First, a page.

Posts filed under 'class'

Translation Tuesday: “Finger” by Toshirō Sasaki

"The girl stood there, a large pair of sharp pruning shears in her right hand, waiting for the turtle to stick its head out."

In this story by Toshirō Sasaki, a young woman in pre-war Japan buys a turtle and unintentionally contributes to a man’s arrest, opening up questions about class, poverty, and criminality in a nation that is beginning to rapidly modernise. 

1.

At the black markets in Ginza a girl bought a soft-shell turtle. She put it inside her large crocodile-leather opera bag and set out on the Ginza streets. It was early evening, and the district was filled with people bustling about. She pushed her way through the crowd, heading for the Owari-chō tram stop. Customers gathered impatiently at the opening street stalls. Red, blue, and violet rays of light swayed all around. The chaotic sounds of footsteps echoed.

“Excuse me! Young miss!”

Feeling that someone must have been calling out to her, the girl came to a stop. From her shoulder to the end of the street, countless shoulders rubbed together. Grey summer overcoats and bright green silk crepes. Spring jackets the color of matcha. Brand new straw hats. A rich fragrance of sweets. And then the refreshing chill of the night air, washing away the mood of afternoon.

It was an illusion. No one had been calling to her at all. Only a pale man with a long face, a grey hunting cap pulled down over his eyes and light brown jacket wrapped around his body, his shoulder touching hers, moved towards her.

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Milton Hatoum’s The Brothers and the Politics of Forgetting

Oppression builds insidiously, explodes in all its terror, and then slips quietly back under the surface.

I stand in my basement facing stacks of cardboard boxes, the remnants of my last cross-country move out to Boulder, CO. If you were to take a cross-section of each box, you would see the sediments of everyday objects: a top layer of clothes; the occasional sweater enveloping a ceramic mug; a layer of miscellaneous household necessities (clothes hangers, desk supplies, etc.); and finally, a thick deposit of books.

At the bottom of one of these boxes I found a thin book, barely visible between the thick spines of a heavily annotated copy of Bolaño’s The Savage Detectives and a fat collection of Pushkin short stories. I pulled out the paperback, which turned out to be a Brazilian novel, The Brothers, written by Milton Hatoum and translated into English by John Gledson. I couldn’t be sure if I had actually read the book before rediscovering it in the crevice of a cardboard box.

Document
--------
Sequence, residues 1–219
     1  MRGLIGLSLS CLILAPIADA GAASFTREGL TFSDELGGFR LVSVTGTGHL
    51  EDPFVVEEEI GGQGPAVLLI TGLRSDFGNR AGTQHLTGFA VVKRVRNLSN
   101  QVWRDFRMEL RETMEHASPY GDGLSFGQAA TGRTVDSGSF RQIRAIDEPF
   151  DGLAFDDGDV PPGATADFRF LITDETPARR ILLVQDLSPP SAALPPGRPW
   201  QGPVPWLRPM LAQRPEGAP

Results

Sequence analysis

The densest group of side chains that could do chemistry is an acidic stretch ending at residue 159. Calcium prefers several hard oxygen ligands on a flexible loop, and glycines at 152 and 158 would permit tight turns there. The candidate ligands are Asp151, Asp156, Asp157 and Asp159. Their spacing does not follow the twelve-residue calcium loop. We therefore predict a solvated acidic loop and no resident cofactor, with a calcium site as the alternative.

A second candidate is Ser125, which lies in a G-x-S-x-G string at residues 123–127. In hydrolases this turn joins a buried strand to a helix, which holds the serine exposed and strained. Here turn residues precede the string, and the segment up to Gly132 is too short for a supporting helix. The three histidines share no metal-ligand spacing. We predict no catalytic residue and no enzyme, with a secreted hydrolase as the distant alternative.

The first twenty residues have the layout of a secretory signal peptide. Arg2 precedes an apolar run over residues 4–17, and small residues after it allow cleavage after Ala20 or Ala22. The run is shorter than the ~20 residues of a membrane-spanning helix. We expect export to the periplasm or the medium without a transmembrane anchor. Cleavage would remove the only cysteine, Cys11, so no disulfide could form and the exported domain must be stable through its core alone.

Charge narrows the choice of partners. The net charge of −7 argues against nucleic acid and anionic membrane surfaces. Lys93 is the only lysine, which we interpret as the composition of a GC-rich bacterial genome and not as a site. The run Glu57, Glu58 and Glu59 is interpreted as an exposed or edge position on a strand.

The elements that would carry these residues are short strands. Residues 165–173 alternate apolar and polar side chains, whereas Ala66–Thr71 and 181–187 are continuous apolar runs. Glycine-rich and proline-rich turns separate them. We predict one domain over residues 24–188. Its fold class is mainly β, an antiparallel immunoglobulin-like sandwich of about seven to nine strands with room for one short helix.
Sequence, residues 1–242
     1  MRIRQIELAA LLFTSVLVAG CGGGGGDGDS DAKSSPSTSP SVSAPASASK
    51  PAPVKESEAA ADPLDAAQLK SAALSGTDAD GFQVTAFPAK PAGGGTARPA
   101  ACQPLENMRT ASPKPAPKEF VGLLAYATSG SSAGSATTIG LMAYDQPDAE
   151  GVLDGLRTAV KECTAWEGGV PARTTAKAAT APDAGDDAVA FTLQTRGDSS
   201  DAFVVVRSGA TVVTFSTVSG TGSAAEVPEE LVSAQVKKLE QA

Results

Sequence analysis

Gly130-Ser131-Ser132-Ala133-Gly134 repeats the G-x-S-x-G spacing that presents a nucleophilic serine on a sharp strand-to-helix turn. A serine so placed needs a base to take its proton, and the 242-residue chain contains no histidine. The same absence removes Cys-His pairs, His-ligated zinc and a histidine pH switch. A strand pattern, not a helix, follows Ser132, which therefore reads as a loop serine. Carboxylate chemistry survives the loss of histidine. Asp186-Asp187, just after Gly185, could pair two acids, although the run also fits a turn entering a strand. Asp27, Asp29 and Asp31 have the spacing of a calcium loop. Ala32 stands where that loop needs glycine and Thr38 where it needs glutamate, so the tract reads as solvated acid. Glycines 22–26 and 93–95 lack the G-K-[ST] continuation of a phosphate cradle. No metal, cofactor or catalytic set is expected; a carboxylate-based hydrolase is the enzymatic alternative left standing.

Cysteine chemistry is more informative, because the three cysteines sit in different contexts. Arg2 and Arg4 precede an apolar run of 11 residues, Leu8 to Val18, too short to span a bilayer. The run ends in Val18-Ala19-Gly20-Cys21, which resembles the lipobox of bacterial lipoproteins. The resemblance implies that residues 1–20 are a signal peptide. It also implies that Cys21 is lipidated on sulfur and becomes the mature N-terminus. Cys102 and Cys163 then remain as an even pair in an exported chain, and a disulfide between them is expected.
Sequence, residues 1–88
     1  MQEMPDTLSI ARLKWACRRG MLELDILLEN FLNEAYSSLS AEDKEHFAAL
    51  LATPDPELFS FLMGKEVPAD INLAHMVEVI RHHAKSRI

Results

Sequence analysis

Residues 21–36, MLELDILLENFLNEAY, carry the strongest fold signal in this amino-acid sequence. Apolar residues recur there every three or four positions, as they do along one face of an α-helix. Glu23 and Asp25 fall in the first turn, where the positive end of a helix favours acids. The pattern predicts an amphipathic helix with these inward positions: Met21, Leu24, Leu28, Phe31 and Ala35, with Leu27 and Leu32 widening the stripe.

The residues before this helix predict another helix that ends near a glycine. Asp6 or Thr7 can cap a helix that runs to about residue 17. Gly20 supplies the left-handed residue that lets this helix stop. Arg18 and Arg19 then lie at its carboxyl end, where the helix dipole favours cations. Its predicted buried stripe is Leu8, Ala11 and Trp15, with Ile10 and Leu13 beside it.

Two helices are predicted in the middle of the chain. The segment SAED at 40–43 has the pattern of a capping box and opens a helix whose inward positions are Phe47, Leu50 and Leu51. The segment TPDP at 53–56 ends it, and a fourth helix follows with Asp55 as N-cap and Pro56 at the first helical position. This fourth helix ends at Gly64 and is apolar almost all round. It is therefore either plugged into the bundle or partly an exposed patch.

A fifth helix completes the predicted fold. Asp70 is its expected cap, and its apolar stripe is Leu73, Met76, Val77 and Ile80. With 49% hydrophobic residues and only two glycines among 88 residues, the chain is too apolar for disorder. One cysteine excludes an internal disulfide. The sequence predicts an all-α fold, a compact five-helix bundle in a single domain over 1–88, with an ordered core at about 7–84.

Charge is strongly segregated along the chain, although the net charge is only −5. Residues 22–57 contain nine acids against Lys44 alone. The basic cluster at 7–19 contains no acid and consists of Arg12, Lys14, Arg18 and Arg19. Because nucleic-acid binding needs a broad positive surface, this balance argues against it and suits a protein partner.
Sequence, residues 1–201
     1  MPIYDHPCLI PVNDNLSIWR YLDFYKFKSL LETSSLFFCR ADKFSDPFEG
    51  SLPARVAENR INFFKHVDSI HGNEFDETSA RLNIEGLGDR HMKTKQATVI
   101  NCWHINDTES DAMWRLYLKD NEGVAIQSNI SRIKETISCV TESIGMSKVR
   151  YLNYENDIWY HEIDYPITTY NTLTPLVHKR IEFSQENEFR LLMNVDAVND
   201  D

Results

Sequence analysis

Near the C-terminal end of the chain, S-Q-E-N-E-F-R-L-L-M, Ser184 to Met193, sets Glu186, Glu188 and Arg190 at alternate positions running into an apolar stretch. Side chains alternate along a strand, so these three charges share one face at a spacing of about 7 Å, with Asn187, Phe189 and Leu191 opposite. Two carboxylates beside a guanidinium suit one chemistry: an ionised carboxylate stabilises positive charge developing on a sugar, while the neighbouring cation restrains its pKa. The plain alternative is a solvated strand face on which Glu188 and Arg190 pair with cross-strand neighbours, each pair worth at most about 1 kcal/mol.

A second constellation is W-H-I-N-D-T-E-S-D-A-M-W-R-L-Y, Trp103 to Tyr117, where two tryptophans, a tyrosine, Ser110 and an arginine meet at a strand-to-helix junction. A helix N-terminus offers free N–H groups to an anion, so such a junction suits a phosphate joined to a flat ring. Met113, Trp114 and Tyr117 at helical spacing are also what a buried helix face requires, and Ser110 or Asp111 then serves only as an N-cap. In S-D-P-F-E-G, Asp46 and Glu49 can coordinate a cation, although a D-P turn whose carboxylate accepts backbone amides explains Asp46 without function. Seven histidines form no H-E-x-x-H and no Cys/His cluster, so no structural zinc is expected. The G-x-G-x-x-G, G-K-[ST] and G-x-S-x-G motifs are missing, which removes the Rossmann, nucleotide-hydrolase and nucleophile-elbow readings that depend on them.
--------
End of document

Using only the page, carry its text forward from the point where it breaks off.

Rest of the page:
I flipped to the copyright information. The original was published in 2000, with the English translation released two years later. Milton Hatoum is a Brazilian author of Lebanese descent, born in 1952 in Manaus, a city in the Amazon. I flipped to the blurb, which promised the story of a Lebanese immigrant family, focusing on the rivalry between two twins, Yaqub and Omar, who live in Manaus in the latter half of the 20th century.

It’s an intriguing premise, one that draws on the age-old trope of brotherly rivalry, harkening back to Cain and Abel, to The Brothers Karamazov, and to Machado de Assis’s Esaú e Jacó. The novel promised to capture the author’s own experience as a man of Middle Eastern descent from a peripheral region of Brazil. I couldn’t remember how it went from my bookshelf to being snugly packed, which made me curious to investigate further. I left my final box unopened, sat down on the pillows and blankets I had piled on the floor, and began reading. The novel opens with an epigraph, a quote from a Carlos Drummond de Andrade poem:

 

   “The house was sold with all its memories

            all its furniture all its nightmares

            all the sins committed, or just about to be;

            the house was sold with the sound of its doors banging

            with its windy corridors its view of the world

                        its imponderables.”

 

The narrative then begins with Yaqub’s homecoming to Manaus from Lebanon, where he had spent some years of his youth, and the reuniting of the two twins under a single roof. Hatoum unveils ever-mounting tensions amongst members of the family through their domestic alliances and conflicts, and the touching and torrid backstories that define those relationships; rich descriptions of setting provide a fascinating portrait of Manaus, albeit one that is devoid of exoticization; and the complex exploration of character in simple, quotidian situations calls upon the wide-ranging tradition of the family saga in literature.

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